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01-12-2015 | Hematologic cancers | Article

Molecular therapy for acute myeloid leukaemia

Authors:
Catherine C. Coombs, Martin S. Tallman, Ross L. Levine

Abstract

Acute myeloid leukaemia (AML) is a heterogeneous disease that is, in general, associated with a very poor prognosis. Multiple cytogenetic and molecular abnormalities that characterize different forms of AML have been used to better prognosticate patients and inform treatment decisions. Indeed, risk status in patients with this disease has classically been based on cytogenetic findings; however, additional molecular characteristics have been shown to inform risk assessment, including FLT3NPM1KIT, and CEBPA mutation status. Advances in sequencing technology have led to the discovery of novel somatic mutations in tissue samples from patients with AML, providing deeper insight into the mutational landscape of the disease. The majority of patients with AML (>97%) are found to have a clonal somatic abnormality on mutational profiling. Nevertheless, our understanding of the utility of mutation profiling in clinical practice remains incomplete and is continually evolving, and evidence-based approaches to application of these data are needed. In this Review, we discuss the evidence-base for integrating mutational data into treatment decisions for patients with AML, and propose novel therapeutic algorithms in the era of molecular medicine.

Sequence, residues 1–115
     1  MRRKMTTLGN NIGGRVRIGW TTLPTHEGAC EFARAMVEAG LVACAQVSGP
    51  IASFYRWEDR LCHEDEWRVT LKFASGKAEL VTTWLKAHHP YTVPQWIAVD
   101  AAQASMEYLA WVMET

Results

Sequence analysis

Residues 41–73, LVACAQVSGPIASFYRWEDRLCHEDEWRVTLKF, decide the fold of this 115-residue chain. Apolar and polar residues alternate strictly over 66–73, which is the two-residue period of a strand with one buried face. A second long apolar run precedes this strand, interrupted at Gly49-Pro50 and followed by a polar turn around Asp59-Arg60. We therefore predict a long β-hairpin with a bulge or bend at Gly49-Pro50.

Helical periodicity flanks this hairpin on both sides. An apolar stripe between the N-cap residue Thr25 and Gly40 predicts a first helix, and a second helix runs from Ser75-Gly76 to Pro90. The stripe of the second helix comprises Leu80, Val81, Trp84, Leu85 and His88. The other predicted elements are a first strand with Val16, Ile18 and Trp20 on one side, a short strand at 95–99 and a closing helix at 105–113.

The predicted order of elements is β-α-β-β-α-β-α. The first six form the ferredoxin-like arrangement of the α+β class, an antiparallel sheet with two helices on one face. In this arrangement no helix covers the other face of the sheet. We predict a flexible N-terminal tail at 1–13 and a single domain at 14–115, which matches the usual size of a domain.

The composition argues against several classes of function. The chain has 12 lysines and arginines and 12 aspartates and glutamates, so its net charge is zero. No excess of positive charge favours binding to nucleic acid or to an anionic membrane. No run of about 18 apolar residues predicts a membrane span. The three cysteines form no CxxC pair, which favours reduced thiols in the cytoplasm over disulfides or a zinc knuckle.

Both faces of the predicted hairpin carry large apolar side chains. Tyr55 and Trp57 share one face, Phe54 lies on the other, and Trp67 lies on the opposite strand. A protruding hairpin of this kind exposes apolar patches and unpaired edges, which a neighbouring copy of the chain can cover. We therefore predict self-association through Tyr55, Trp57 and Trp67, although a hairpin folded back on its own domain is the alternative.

Nat Rev Clin Oncol 2016; 13: 305–318. doi:10.1038/nrclinonc.2015.210

Subject terms: Acute myeloid leukaemia • Cancer genetics • Cancer therapy • Outcomes research • Predictive markers

Acute myeloid leukaemia (AML) is the most-common acute leukaemia in adults, and is primarily a disease of older adults (defined in this Review as those aged ≥60 years, unless otherwise stated), with a median age at diagnosis of 67 years1, 2. The survival rates for younger adults with AML (aged <60 years) have improved, to some extent, over time, owing mostly to the development of intensive consolidation chemotherapy regimens, and improvements in supportive care and allogeneic haematopoietic-stem-cell transplantation (allo-HSCT) — the standard induction chemotherapy regimens have not changed substantially over the past 40 years3. In older patients, however, limited or no improvement in survival rates has been achieved, especially in patients aged>75 years, for whom no improvement in outcome has been demonstrated over the past three decades4.

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